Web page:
Patients
Fifty-one consecutive patients admitted to the surgical intensive care unit of la Pitié-Salpêtrière hospital (Paris, France) for severe hypoxemia were prospectively studied. Inclusion criteria were (1) Pao2/fraction of inspired oxygen (Fio2) less than 300, (2) presence of a pulmonary artery catheter inserted by the physician in charge for clinical reasons independent of the study protocol, and (3) indication for a transesophageal echocardiographic evaluation by the physician in charge for clinical reasons independent of the study protocol. Because nothing more than routine hemodynamic evaluation was performed in the current study, no informed consent was required from patients’ next of kin. Exclusion criteria were esophageal and gastric pathology, cervical spine instability, lack of sinus rhythm, right or left bundle branch block, and previous cardiac surgery.
For each individual, simultaneous transesophageal Doppler study of the pulmonary artery flow and recording of pulmonary artery pressures were performed. In 20 patients for whom the pulmonary artery catheter was no longer required, transesophageal and transthoracic Doppler study of tricuspid regurgitation flow were performed immediately after catheter removal. In 41 patients, a nitric oxide test was performed, aimed at improving arterial oxygenation and lowering pulmonary artery pressure. Transesophageal echocardiographic measurements of pulmonary artery flow were simultaneously performed with the recording of pulmonary artery pressure obtained from the Swan Ganz catheter before and after nitric oxide inhalation.8,9
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Respiratory Measurements
During the study period, all patients were anesthetized with continuous intravenous infusion of 5 μg · kg−1 · h−1 fentanyl and 0.1 mg · kg−1 · h−1 midazolam and paralyzed with 0.5 mg/kg atracurium. All patients were ventilated using controlled mechanical ventilation (Horus ventilator; Taema, Anthony, France). Tidal volume was set between 6 and 9 ml/kg, and respiratory rate was adjusted by the clinician in charge of the patient to achieve arterial carbon dioxide tension (Paco2) values between 40 and 50 mmHg according to recent recommendations.8,9 Inspiratory time and Fio2 were maintained at 33% and 1, respectively, throughout the study period. Selection of positive end-expiratory pressure and use of almitrine were determined independently by the physician in charge of the patients according to previously published guidelines9–11 and remained unchanged during the protocol.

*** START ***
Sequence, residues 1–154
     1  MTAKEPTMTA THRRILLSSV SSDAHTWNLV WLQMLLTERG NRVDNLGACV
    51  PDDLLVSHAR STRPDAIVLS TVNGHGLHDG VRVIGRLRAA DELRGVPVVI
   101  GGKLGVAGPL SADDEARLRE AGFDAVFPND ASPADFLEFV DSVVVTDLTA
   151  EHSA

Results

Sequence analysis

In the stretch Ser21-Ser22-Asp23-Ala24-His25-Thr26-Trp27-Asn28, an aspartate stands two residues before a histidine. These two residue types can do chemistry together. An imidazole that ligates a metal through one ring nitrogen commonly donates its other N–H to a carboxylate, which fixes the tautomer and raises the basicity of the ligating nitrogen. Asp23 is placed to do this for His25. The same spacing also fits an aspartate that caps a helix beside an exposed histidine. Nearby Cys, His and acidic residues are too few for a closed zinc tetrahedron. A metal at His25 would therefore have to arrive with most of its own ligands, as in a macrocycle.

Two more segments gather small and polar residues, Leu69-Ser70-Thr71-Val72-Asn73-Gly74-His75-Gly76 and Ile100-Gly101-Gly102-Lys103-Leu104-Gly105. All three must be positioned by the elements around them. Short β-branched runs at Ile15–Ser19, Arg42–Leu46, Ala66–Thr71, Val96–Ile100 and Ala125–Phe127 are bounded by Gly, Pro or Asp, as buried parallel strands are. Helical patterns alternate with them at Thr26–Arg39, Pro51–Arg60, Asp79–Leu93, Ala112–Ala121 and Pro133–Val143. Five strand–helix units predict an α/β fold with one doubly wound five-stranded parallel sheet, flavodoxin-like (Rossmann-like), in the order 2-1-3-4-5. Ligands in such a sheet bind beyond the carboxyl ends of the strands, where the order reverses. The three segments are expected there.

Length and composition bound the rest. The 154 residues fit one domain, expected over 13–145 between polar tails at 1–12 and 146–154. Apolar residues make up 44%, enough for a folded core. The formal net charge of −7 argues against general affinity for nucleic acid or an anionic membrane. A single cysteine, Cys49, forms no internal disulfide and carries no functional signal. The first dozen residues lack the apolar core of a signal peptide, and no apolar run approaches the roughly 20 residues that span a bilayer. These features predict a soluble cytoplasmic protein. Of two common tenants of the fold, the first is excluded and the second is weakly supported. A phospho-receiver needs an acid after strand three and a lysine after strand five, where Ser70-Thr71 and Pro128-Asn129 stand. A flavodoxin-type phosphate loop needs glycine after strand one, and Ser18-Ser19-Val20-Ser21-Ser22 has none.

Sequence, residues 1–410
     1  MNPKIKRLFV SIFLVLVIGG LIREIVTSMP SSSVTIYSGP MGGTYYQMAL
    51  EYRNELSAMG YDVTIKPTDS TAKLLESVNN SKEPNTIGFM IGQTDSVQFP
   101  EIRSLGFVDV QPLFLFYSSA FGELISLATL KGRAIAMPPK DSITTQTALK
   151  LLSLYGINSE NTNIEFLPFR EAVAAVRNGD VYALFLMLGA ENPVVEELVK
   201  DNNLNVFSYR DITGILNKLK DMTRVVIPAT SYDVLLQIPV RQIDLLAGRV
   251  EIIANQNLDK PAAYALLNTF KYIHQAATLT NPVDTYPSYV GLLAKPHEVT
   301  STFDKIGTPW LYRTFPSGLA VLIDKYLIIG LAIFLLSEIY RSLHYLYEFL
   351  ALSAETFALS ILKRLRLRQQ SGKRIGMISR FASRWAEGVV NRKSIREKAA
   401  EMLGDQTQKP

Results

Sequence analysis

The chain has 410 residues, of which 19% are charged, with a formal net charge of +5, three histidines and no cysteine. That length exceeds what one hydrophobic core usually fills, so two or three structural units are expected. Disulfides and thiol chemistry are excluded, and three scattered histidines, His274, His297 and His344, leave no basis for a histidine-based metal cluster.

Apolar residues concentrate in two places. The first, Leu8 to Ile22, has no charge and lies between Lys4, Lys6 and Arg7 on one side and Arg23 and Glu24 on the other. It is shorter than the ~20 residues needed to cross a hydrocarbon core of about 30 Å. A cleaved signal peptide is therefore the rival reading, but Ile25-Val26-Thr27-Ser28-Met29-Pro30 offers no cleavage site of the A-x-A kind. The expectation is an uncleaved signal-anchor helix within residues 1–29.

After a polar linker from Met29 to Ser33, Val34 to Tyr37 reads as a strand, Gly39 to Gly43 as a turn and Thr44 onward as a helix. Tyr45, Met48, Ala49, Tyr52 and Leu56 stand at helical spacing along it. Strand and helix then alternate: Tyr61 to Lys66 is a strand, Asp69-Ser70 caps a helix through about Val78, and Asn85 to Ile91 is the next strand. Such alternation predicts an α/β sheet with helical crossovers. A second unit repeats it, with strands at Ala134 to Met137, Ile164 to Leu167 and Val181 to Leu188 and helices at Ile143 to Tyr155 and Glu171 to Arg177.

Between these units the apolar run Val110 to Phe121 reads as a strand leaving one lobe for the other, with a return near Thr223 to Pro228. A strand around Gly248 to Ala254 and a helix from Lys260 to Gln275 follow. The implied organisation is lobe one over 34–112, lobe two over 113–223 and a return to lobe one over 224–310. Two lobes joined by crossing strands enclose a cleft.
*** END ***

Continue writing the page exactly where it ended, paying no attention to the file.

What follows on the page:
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Hemodynamic Measurements
All patients were monitored using a radial or femoral arterial catheter and a fiberoptic thermodilution pulmonary artery catheter allowing the continuous monitoring of mixed venous oxygen saturation and the repetitive measurement of cardiac output using the semicontinuous thermodilution technique (CCO/Svo2/VIP TD catheter; Baxter Healthcare Co., Irvine, CA). During the study period, cardiac output, systemic arterial pressure, right atrial pressure, pulmonary artery pressure, pulmonary capillary wedge pressure, and airway pressure were continuously recorded using a BIOPAC MP100 system (Biopac System, Goleta, CA). Pulmonary vascular resistance index (PVRI) was calculated as PVRI = (mPAP − pulmonary capillary wedge pressure) × 80/cardiac index. Fluid-filled transducers were positioned at the midaxillary line and connected to the different lines of the pulmonary artery catheter. All recordings were reviewed by an investigator unaware of the echocardiographic data and were averaged over five cardiac cycles at end-expiration.
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Echocardiographic Studies
In each patient lying supine, complete transesophageal echocardiography was performed using a HP-SONOS 5500 (Hewlett Packard, Andover, MA). Images were stored digitally on magneto-optical disks for latter playback and analysis. Transthoracic and transesophageal echocardiographic data were obtained using standard views and techniques.12
Pulmonary artery flow was examined via the midesophageal ascending aortic short axis view. The pulmonary artery blood flow was recorded by pulsed Doppler with the sample volume into the center of the main trunk of the pulmonary artery beyond the pulmonary valve. The ultrasound beam was placed as parallel as possible to the pulmonary flow.